DEL MAR – The North County Transit District board voted Thursday to give the City of Del Mar until Feb. 28 to agree to a modified 4-foot-tall fence design on the Del Mar bluffs. If the city does not accept this agreement, the NCTD will proceed with a proposed 6-foot-tall fence design.
The city has just over a month to enter into a written agreement with the transit district and accept liability and maintenance responsibility for the modified fence design. This is likely the last time this deadline will be extended in hopes of reaching an agreement with Del Mar.
Del Mar originally had until Dec. 31 to reach an agreement with NCTD, which included the modified 4-foot-tall fence design. After no agreement was reached, NCTD filed a new petition on Dec. 30 with the federal Surface Transportation Board seeking sole authority to proceed with the project.
The more than two-hour long discussion on Thursday was tense at times, with Del Mar Councilmember Terry Gaasterland and Board Chair Tony Kranz engaging in a few heated exchanges.
Ultimately, the NCTD board voted 7-1-1 in support of the motion, with Del Mar Councilmember Terry Gaasterland abstaining and Oceanside Councilmember Christopher Rodriguez not voting due to technical difficulties.
Gaasterland reiterated the city’s position, which includes limiting the installation of fencing to the area from Coast Boulevard to 13th Street, maintaining that the city would like to see fencing design and construction plans, as well as a geotechnical analysis and additional environmental review of the project before the city would even consider agreeing to it.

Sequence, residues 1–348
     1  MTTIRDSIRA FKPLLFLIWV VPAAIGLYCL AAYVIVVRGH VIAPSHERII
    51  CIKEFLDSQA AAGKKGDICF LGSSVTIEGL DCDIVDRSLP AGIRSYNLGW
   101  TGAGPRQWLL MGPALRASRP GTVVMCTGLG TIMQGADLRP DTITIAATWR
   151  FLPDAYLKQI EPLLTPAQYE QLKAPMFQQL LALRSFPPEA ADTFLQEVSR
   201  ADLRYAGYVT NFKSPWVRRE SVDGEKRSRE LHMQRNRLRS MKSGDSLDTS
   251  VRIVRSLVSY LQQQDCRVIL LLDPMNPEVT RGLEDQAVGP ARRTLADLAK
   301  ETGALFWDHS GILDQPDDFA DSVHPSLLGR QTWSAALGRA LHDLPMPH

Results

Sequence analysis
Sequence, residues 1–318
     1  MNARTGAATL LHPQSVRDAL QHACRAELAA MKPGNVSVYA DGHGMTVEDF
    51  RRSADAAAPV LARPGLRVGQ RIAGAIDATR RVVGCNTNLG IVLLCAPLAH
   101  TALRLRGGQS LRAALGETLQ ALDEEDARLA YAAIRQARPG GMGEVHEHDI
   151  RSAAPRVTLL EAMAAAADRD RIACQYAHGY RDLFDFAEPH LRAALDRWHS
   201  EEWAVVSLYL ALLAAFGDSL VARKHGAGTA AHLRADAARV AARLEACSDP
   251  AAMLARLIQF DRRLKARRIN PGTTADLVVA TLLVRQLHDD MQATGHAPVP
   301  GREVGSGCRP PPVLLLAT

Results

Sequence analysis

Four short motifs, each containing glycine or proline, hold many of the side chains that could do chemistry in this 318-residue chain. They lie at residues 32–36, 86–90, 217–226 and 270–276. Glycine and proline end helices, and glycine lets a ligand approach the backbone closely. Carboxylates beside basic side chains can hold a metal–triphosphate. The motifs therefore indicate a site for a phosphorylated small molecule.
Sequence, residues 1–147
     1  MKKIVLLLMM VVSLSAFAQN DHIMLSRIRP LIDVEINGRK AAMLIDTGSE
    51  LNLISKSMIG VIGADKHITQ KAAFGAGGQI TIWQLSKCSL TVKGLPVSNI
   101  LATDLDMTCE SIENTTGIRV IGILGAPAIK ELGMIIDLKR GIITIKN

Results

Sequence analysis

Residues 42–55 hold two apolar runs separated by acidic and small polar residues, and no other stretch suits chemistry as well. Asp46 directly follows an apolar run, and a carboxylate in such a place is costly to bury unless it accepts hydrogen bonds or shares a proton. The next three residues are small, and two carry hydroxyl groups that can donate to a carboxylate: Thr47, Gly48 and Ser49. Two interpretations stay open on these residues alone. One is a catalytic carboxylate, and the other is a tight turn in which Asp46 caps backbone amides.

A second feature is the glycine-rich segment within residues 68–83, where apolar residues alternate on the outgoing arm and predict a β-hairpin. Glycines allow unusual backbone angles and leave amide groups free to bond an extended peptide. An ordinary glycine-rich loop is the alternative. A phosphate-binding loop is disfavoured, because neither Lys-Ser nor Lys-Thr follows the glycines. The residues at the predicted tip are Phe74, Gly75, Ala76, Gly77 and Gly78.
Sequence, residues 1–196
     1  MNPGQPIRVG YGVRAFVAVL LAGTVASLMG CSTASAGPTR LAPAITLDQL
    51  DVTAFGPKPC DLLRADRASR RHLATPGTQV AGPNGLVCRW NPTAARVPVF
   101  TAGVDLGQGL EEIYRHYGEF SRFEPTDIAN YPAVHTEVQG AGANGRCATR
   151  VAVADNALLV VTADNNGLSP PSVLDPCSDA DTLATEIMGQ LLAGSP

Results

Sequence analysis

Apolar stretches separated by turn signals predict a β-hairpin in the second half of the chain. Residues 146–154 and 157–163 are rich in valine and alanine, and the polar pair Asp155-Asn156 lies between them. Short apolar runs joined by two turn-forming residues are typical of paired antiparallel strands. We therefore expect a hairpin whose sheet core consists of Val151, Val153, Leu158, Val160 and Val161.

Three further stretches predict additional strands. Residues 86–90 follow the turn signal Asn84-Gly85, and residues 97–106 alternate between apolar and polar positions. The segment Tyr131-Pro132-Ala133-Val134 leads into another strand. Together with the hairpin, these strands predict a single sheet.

“We’ve made it clear over and over what we need… we are ready and willing to work together with NCTD provided that these needs are met,” Gaasterland said.
Gaasterland also referenced the recent objections made by the California Coastal Commission regarding the fencing project, as well as a letter from the attorney general’s office dated Jan. 19 on behalf of the state commission to the NCTD board.
“The proposed fencing would significantly disrupt or eliminate pedestrian access on existing, informal access trails along the bluffs and down onto the beach that have been heavily used by the public for decades to traverse the blufftop, enjoy scenic coastal views and access the beach and ocean,” said Supervising Deputy Attorney General Jamee Patterson in the letter.
Patterson added that the project’s “lack of environmental review” is not in compliance with state law. She also called the project inconsistent due to its constantly changing versions of fence designs.
Lori Winfree, NCTD’s general counsel, argued that NCTD has the authority and the right-of-way to proceed with this project and doesn’t have to provide these elements if they don’t believe it is necessary.
“The environmental review that is being requested by the Coastal Commission and the City of Del Mar is not required for this project,” Winfree said. “The idea that NCTD is not being community sensitive or looking at alternative methods – I think the last 14 months shows that there has been quite an effort toward collaboration and community effort.”
County Supervisor Jim Desmond said during the meeting that it’s time to move forward with this project, as Del Mar and the Coastal Commission have had 14 months to come to an agreement with the NCTD, adding that safety has to be the priority.
“It’s apparent to me that NCTD has been working on good faith with Del Mar, the [Coastal Commission] and the [Surface Transportation Board] to try to come to an agreement and take into consideration that Del Mar is concerned with the fencing,” Desmond said. “Over these 14 months, there have been over 1,800 train incidents involving trespassers on the NCTD rail line, including one fatality.
The board received approximately 234 voicemails, 75 written public comments and several phone-in comments, nearly all of them opposed to the fencing project.